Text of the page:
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6.1 Implications 56 6.2 Limitations 57 6.3 Summary 57 FOOTNOTES…………………………………………………………………………. 1 2 52 APPENDIX…………………………………………………………………………… 58 A Human Subjects Approval 58 B Informed Consent Form 61

REFERENCES ............................................................................................................. 63

BIOGRAPHICAL SKETCH ........................................................................................ 69

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LIST OF TABLES

1. Demographic Frequencies………………………………………………... 14

2. Variable Descriptives…………………………………………………….. 25

3. Descriptives Individuals of NonAfrican Descent ……………................... 26

4. Descriptives Individuals of African Descent ………………….................... 26

5. Means & Standard Deviations of Dependent Variables, Entire Sample....... 27

6. Means & Standard Deviations of Dependent Variables Between African Descent and NonAfrican Descent Groups………….……........... 28

7. Means & Standard Deviations of Independent Variables for African Descent Only………………………………………………….…............. 29

8. Intercorrelations Between Variables………………………………............ 31

9. Intercorrelations Between Variables Among NonAfrican Descent…........ 32

10. Intercorrelations Between Variables Among African Descent………….. 33

11. Descriptives for TWU vs. HBCU Among Individuals of African Descent……………………………………………………………........ 35 12. Stepwise Multiple Regression Equations with Belongingness, Burdensomeness & Ethnicity Predicting Suicidality for Entire Sample… 37

13. Stepwise Multiple Regression Equations with Belongingness, Burdensomeness & Ethnicity Predicting Suicidality Among African Descent………………………………………………………… 40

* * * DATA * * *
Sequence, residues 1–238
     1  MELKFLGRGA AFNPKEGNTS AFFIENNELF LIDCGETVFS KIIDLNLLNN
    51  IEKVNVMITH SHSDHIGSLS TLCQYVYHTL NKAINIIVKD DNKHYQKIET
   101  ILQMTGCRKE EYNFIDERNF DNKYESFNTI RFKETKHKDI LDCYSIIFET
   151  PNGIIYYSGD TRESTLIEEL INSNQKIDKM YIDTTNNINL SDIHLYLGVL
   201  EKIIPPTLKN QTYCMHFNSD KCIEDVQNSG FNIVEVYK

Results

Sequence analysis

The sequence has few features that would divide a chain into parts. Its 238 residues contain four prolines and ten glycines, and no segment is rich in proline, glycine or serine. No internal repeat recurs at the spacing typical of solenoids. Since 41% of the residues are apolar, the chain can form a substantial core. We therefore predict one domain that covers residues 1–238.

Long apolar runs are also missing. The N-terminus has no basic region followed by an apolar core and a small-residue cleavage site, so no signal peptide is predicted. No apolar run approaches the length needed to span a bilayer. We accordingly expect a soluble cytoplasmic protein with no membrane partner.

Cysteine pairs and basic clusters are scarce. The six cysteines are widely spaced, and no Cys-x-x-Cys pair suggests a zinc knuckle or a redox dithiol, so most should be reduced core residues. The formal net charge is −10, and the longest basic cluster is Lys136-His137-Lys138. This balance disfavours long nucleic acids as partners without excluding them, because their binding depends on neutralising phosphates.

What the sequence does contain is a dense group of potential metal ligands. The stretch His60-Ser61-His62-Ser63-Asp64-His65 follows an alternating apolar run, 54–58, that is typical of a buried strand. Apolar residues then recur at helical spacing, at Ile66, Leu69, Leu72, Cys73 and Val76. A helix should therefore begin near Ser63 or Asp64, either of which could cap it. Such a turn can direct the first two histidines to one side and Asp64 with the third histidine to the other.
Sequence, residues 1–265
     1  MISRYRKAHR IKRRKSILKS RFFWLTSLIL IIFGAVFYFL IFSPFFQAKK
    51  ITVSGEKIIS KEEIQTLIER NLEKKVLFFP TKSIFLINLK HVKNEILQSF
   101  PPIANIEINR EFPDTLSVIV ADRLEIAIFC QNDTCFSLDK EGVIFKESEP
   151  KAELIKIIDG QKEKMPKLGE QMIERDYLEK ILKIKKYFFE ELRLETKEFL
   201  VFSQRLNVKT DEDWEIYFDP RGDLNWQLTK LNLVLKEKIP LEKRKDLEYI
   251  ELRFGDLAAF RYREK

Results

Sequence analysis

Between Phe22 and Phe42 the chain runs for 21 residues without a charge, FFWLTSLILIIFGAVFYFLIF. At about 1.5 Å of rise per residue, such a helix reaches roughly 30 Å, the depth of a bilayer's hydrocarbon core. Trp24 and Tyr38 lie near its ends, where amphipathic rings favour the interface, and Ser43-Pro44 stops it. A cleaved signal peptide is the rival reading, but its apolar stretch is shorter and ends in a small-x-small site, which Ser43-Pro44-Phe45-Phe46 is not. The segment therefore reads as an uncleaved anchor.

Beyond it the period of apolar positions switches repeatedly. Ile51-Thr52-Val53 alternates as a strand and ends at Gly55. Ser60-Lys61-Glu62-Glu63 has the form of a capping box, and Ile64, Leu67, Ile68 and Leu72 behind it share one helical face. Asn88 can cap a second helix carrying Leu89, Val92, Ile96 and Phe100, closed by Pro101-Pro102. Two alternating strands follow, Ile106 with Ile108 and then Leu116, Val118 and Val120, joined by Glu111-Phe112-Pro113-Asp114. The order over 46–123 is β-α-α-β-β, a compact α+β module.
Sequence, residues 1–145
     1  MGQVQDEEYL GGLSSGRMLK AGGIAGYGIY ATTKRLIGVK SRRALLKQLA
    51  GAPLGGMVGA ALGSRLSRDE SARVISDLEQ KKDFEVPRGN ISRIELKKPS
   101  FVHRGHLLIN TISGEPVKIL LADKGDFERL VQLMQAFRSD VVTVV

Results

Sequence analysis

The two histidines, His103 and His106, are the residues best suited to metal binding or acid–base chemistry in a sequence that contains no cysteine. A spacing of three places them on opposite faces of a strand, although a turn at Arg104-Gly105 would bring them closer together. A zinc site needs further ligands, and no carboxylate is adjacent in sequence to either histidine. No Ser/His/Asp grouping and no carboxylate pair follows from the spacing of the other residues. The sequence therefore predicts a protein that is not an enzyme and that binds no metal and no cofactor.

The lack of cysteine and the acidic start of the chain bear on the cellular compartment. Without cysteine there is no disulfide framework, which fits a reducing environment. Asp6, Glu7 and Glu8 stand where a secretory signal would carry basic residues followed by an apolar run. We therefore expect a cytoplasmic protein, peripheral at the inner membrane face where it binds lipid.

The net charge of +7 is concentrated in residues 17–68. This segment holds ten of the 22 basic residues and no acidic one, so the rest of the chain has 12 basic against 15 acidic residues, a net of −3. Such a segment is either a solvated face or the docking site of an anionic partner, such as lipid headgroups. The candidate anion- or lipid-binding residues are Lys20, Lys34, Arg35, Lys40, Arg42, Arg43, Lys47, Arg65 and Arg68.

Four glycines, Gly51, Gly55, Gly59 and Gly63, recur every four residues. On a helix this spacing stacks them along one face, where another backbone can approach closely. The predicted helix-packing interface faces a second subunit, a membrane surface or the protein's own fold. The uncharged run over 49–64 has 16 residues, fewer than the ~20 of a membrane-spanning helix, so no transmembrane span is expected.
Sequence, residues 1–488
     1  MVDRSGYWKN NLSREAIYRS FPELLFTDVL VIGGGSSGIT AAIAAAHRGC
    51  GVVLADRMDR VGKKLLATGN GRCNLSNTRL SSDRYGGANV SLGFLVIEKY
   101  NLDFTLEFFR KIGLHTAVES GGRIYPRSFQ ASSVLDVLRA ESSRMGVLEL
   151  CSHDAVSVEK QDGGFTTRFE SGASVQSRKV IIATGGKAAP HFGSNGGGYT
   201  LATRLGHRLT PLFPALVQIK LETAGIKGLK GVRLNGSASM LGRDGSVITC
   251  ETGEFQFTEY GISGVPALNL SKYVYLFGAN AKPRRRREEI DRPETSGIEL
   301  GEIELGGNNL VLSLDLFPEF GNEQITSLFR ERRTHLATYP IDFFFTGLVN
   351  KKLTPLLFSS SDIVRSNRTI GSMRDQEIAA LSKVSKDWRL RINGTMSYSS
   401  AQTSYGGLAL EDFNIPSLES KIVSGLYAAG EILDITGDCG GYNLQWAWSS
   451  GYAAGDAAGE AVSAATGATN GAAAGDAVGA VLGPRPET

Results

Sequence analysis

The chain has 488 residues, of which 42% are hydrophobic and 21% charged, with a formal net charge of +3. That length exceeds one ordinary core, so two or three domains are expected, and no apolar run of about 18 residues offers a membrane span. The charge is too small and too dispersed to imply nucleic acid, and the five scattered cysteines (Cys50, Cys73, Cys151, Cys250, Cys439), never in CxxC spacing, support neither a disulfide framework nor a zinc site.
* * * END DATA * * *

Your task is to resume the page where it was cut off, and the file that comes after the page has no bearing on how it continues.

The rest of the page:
14. TwoWay Multiple regression Equations with Burdensomeness, Belongingness, IMCI, ASF, & SAFE Predicting Suicidality Among Individuals of African Descent…………………………………………. 43

15. Exploratory Multiple Regression Equations with Burdensomeness, Belongingness, IMCI, ASF, SAFE, and all ThreeWay Interaction Combinations Predicting Suicidality Among Individuals of African Descent……………………………………………………….... 45

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LIST OF FIGURES

1. Suicidal Thoughts & Behaviors in the Past Year Among Adults, by Age group 2008……………………………………………………….. 2

2. Ethnicity, Burdensomeness, & Belongingness 3Way Interaction…………. 38

3. University, Burdensomeness, & Belongingness 3Way Interaction………… 41

4. Interaction Between Burdensomeness & African Selffortification………… 46

5. Interaction Between Multicultural Inclusiveness & African Selffortification…………………………………………………… 47

6. Burdensomeness, Belongingness, & African Selffortification 3Way Interaction……………………………………………………….…. 48

ix ABSTRACT

Introduction: The purpose of this study is to examine the connection between culture and psychopathology to determine if, belongingness and burdensomeness are more predictive of suicidality risk than multicultural inclusiveness, African selffortification and acculturative stress among college students of African descent from two culturally distinct universities. The main hypothesis is that among individuals of African descent thwarted belongingness, perceived burdensomeness and the interaction between the two will be more significant than multicultural inclusiveness, African selffortification, acculturative stress, or those twoway interaction combinations. Methods: Approximately 170 consenting African American male and female undergraduate college students from two southeastern State universities participated in this study. Suicidality was assessed using the Beck Suicide Scale and depressive symptoms using the Beck Depression Inventory. Results: Hypotheses were supported. Regression 1 indicated the main effect of ethnicity on suicidality was nonsignificant and ethnicity did not significantly moderate the relationship between belongingness or burdensomeness and Suicidality. Regression 2 indicated university setting did not significantly moderate the relationship between Suicidality and belongingness or burdensomeness. Regression 3 indicated that the twoway interaction between burdensomeness and belongingness was of greater significance than culture specific variables in predicting suicidality among individuals of African descent. Conclusions: Perceived burdensomeness and the belongingness X burdensomeness interaction are robust predictors of suicidality among individuals of African descent. Clinical implications are discussed.